Pharmacy professionals’ perceptions of educational supervision in primary care through the lens of Proctor’s model

Michelle Styles, Ellen Schafheutle, Sarah Willis, Matthew Shaw

Research output: Contribution to journalArticlepeer-review


Educational supervision plays a vital role in postgraduate medical education and more recently in pharmacy and advanced clinical practitioner training in England. Proctor’s three-function model of clinical supervision (consisting of formative, restorative, and normative functions) is assumed to apply to educational supervision, but this has not been tested empirically. The aim of this study was to establish perceptions of the purpose of educational supervision from the perspective of primary care pharmacy professionals enrolled on a national training pathway in England.

Using a mixed methods design, data were collected using a validated 25-item online survey and respondents were invited to add comments explaining their responses. The survey was sent to all 902 learners enrolled on a postgraduate training pathway for pharmacy professionals working in primary care. Principal components analysis (PCA) was used to interpret patterns in the survey data, and framework analysis of qualitative free text comments was used to identify themes and aid interpretation of quantitative findings.

187 pharmacy professionals responded (response rate 20.7%). PCA extracted three factors explaining 71.5% of the total variance. Factor 1 corresponded with survey items linked to the formative function of Proctor’s model, while factor 2 corresponded with survey items linked to the restorative function. No items corresponded with the normative function. Framework analysis of qualitative free-text comments identified two themes: learning support, which corresponded with factor 1; and personal support, which corresponded with factor 2.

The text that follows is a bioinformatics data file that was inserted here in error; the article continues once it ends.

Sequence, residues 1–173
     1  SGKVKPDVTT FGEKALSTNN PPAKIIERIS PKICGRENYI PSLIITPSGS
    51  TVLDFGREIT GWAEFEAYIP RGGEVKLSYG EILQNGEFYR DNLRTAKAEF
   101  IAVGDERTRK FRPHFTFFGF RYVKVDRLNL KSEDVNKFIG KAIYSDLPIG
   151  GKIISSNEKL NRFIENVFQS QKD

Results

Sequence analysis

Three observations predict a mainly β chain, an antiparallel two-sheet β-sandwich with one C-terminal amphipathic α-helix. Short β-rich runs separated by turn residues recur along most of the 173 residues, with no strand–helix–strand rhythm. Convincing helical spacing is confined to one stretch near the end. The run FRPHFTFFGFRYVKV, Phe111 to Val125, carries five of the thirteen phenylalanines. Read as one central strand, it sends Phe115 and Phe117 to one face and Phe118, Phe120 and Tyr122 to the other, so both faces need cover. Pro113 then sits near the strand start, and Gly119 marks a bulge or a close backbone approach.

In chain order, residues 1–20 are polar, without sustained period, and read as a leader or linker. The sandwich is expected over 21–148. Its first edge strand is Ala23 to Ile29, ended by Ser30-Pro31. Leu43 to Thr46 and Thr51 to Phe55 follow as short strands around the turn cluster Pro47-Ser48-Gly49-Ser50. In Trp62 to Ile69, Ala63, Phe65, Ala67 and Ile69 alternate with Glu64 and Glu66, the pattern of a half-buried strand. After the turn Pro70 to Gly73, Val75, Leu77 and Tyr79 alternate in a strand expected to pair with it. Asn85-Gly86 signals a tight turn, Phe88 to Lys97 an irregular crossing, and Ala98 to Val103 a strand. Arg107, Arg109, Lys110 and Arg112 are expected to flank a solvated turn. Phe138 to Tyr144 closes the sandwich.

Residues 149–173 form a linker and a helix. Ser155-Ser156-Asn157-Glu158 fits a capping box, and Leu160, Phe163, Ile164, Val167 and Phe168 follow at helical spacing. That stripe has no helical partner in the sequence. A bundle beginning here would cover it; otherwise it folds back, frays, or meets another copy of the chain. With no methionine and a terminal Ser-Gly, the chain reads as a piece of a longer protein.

This study identified that pharmacy professionals perceived educational supervision to perform two functions, formative (educational) and restorative (pastoral), but did not perceive it to perform a normative (surveillance) function. Educational supervision has the potential to support allied health professionals advancing their roles and we suggest the need for more research to develop models of effective educational supervision which can inform practice.
Original languageEnglish
JournalBMC Medical Education
Publication statusPublished - 12 Jul 2023


  • Primary care education
  • Postgraduate education
  • Workplace based learning
  • Supervision
  • Educational supervision
  • Clinical supervision
  • Proctor’s model


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